First Derm's new AI app helps users identify skin conditions

By Laura Lovett
02:16 pm

A quick Google image search is often the go-to for people when they notice a rash cropping up on their skin. This starts the process of trying to match up their skin condition to the one in the photos. 

But a new app called Skin Image Search by First Derm has just launched in beta today and aims to use artificial intelligence to help people figure out exactly what their skin condition is. 

“In many of these [Google searches] these images are wrongly labeled,” Dr. Alexander Börve, CEO and founder of First Derm, told MobiHealthNews. “We hope that our search will give you a much better understanding of this disease and what you have.”

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Users can upload a photo of their skin to the platform. Then the AI will match up the image to possible conditions. Börve describes the technology as a triage device. 

“The AI isn’t as good as replacing a doctor. It is more of a skin image search. It is very good for triaging for example,” Börve said.  “You can also click a link and can read more about [the condition].”

Currently the technology is able to narrow down the condition for users. Right now the platform can identify the condition with 40 percent accuracy. It can narrow down the issue to the top five conditions that it could be with 80 percent accuracy, according to the company. 

But Börve said the accuracy is increasing over time. 

“This is a first result and over time we will get better. Every month the statics I gave you will be better,” Börve said. “Hopefully next month or in two months we will have 60 percent accuracy on one disease and 90 percent of the top five or maybe 80 percent the top three. Our goal is to be 80 percent accurate with one disease and 95 percent accurate with one disease and two differential diagnoses. That is the ultimate goal, and then obviously that we would add more diseases.”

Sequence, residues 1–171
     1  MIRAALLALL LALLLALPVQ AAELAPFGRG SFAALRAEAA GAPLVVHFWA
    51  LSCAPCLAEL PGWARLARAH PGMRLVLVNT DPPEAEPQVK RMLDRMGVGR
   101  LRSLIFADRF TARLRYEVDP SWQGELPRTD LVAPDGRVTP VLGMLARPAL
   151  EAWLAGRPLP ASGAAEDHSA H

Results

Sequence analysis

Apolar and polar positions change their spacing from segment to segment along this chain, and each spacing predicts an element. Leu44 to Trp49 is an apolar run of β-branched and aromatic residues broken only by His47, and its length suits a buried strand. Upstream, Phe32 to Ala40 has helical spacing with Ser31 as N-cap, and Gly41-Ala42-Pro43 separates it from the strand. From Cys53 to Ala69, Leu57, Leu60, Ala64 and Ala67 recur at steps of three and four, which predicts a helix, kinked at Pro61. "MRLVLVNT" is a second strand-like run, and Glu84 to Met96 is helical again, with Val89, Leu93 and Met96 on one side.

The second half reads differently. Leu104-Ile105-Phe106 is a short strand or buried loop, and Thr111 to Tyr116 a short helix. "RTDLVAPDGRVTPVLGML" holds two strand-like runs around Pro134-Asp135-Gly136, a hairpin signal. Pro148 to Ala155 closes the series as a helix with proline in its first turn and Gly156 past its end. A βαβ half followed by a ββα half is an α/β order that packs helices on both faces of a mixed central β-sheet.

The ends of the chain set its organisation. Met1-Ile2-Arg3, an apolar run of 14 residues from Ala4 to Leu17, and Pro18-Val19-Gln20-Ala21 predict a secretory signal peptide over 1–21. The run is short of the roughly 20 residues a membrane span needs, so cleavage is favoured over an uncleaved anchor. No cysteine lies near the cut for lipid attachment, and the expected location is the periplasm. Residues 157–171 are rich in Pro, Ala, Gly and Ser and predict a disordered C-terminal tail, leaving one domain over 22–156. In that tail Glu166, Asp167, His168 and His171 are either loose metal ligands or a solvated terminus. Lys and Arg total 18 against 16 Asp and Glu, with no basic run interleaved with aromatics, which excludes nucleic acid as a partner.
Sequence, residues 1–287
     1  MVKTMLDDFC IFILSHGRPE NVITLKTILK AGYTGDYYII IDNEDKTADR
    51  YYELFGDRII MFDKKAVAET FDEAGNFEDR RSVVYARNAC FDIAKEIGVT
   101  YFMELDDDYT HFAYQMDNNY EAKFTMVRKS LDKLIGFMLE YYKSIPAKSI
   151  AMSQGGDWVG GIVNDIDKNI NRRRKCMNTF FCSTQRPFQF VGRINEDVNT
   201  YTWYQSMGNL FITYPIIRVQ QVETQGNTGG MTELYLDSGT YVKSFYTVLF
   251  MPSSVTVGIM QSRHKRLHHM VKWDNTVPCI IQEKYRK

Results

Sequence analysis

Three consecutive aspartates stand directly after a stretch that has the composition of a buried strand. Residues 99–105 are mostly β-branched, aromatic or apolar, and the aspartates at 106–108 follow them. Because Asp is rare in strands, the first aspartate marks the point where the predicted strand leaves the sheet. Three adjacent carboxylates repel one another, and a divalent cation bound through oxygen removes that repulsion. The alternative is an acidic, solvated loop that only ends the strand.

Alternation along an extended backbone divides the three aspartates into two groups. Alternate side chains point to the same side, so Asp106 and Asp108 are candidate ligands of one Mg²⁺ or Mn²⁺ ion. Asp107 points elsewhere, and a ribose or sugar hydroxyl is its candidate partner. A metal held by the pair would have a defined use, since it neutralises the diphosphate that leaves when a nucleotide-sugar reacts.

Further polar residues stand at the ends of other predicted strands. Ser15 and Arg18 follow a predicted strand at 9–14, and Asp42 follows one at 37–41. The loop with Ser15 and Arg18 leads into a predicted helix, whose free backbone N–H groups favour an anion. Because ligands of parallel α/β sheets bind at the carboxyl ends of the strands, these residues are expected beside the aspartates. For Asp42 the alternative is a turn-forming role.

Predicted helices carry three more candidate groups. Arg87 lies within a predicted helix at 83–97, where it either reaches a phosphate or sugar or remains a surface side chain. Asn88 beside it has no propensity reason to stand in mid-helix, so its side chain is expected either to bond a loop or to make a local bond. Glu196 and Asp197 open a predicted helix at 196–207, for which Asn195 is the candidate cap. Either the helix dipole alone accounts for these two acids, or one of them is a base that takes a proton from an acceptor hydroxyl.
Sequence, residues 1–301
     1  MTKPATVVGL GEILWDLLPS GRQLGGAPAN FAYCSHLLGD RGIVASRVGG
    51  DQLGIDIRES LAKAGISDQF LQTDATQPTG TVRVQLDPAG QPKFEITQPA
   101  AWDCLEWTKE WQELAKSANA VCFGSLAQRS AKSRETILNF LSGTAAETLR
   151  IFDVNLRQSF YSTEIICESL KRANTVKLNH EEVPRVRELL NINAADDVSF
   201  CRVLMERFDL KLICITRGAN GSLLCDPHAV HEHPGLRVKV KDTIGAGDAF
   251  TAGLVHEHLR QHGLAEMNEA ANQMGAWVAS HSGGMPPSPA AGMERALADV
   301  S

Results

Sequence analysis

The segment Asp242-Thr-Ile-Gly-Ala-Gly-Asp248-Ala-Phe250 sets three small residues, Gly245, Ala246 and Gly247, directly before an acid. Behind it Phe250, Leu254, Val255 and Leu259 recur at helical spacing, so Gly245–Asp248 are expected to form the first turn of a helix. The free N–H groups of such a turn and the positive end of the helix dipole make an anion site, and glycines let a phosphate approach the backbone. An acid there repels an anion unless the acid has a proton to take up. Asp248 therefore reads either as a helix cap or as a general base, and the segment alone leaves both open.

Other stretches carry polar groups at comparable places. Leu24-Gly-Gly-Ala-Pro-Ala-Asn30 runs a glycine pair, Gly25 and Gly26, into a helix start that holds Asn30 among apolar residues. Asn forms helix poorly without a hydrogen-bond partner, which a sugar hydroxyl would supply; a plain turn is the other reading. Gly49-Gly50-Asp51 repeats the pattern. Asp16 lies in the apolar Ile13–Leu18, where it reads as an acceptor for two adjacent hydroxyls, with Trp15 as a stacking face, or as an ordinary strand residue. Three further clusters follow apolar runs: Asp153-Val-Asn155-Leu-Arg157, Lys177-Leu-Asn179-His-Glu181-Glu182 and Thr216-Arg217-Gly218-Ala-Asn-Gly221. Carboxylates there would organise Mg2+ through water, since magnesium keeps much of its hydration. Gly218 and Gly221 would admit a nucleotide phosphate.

Right now the technology has 250 skin diseases in its data base. But the technology is continuously training using a deep Convolutional Neural Network (CNN) with skin disease images.

The company started out as an on-demand online dermatology app and has collected hundreds of thousand of anonymous, amateur skin disease images that have been used to improve the service and were used to train the CNN, according to a statement. 

In addition to the new app, the company will continue to offer its platform that lets users anonymously take photos of an external skin issue and send them to licensed dermatologist who will respond to inquires within 24 hours of receiving the picture with an assessment of the problem. 

Up next, Börve said the company is embarking on clinical trials for Skin Image Search. 


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